Understanding Site Search — Part Three: How Will You Organize Results?
When results are displayed in your site search, will they be relevant? In part three our site search series, we talk about organizing and displaying results.
Someone is visiting your site, but they cannot find what they’re looking for. They browse the navigation. They click around a bit. Finally, they pull the emergency cord: they enter their request into the search box, and they select “submit.”
So. What are they going to see?
A search engine does not understand human syntax or context. It’s a program running a crawl and searching indexed pages for common terms. It does not see words: it only sees a series of characters with which it must match.
Which means, to this search engine, there is no difference between a relevant page and a non-relevant page if they both contain the requested query. We have to provide this context and syntax for the search engine.
In this post, we’re going to talk about how to plan and create a search implementation strategy around delivering the right results. It’s a little bit of programming, a little bit of design, and a decent amount of editorial work.
This is part three of a four-part series on understanding how to plan for site search on your website:
- Introduction: Understanding Site Search
- Part One: How Does Search Work?
- Part Two: What Content Will You Search?
- Part Three: How Will You Organize Results?
- Part Four: Choosing the Right Solution
How will you organize those results?
When you think about “organizing” search results, think back to our initial metaphor of the search algorithm as a complex math equation, with words being worth a specific “amount.”
It’s not really an analogy at all — search algorithms really are complex math equations. And while we can do a lot to tweak how the algorithm finds content, we can also get a lot of distance tweaking the “value” of the terms that show up within the algorithm. Additionally, we can provide filters after the fact: once the results have been delivered, we can tell the search engine to remove non-relevant results.
This section will focus on:
- How are results organized on the search results page?
- How are results honed in after the initial query?
- How do we weigh and influence results to push the correct content to our users?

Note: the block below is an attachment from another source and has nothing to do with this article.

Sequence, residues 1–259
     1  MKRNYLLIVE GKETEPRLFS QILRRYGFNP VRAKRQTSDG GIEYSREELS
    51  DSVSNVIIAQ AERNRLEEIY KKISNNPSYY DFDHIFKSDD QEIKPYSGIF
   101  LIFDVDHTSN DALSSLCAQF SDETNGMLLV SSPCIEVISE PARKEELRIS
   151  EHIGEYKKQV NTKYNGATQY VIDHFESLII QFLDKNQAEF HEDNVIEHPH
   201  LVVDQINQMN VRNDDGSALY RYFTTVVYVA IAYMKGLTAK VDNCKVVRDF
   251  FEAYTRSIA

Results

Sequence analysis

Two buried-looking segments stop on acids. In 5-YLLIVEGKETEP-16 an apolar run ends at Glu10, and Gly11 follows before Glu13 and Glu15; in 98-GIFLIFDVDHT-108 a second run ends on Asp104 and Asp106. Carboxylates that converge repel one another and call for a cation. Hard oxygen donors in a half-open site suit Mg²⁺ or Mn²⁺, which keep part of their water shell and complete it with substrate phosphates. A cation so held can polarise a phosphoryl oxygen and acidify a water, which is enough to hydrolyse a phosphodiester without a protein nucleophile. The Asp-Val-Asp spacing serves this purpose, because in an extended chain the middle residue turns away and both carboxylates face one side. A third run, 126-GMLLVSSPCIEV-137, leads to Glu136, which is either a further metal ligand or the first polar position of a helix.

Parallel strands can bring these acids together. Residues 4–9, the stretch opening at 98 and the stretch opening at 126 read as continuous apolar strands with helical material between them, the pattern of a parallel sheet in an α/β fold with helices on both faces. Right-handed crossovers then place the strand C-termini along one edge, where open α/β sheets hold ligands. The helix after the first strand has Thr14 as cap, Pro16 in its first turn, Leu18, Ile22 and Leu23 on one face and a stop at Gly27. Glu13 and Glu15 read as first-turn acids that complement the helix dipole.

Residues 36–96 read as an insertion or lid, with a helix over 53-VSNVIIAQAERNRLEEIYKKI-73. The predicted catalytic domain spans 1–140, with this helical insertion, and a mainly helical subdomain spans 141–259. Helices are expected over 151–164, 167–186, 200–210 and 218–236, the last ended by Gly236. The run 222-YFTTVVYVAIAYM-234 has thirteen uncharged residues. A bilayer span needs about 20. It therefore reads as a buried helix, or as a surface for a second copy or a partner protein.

Search result layout.
The basics of the search result page are simple:
- A search field that includes the current query.
- A list of the content that’s been found, with links to the individual pages.
- Pagination of those results if the list extends past a certain number.
Of course, this is the bare minimum. Layout of search results should probably provide more context, both for the page itself and the list of results as a whole. This includes:
- Summary of each individual page result.
- Any related preview images, if added to the page.
- Content or file type, if applicable.
- The URL or site section, if applicable.
- Publish date, if applicable.
- The number of total results.
There’s a lot of data there, and that’s by design: each of these helps provide context to the page results, allowing users to better understand what they’re clicking as they dive deeper into results. How this page is designed can go a long way in providing usable search results.
Filters, facets, and honing results.
Your search results don’t have to be law. Depending on how your content is set up, you may want to provide users with additional ways to filter down results. Enter the world of filters and facets.
Filters and facets serve similar functions: they provide opportunities to hone results through use of categories or metadata. In fact, the difference between the two is largely a UI decision — filters are often dropdowns, and they are based on a category or other singular common attribute. Facets are more relative, and live along the side of the search results.
From a usability standpoint, the filters and facets come at things from a different angle.
Filters often also allow you to take control of the results as you’re entering the query. For example, on South Dakota State University’s programs search page, you can pre-filter your results based on one of four dropdown — interest area, degree type, locations, or academic department. In this case, you’re actually doing some of the search engine’s work for it — you’re helping hone results before they’re delivered.
When people talk about “facets,” they’re most often talking about filters aligned in the same way as Amazon, showing the entire realm of potential filters at once along the left or right side of the page. From a UI standpoint, this is a bit messier, and it takes up more room, but it’s also an effective form of discovery. If we take Amazon as an example, facets are only going to show you what you can do with the existing results. Rather than pre-selecting a filter and hoping there are results, facets are going to tell you what options are still available.
Weighting and influencing results.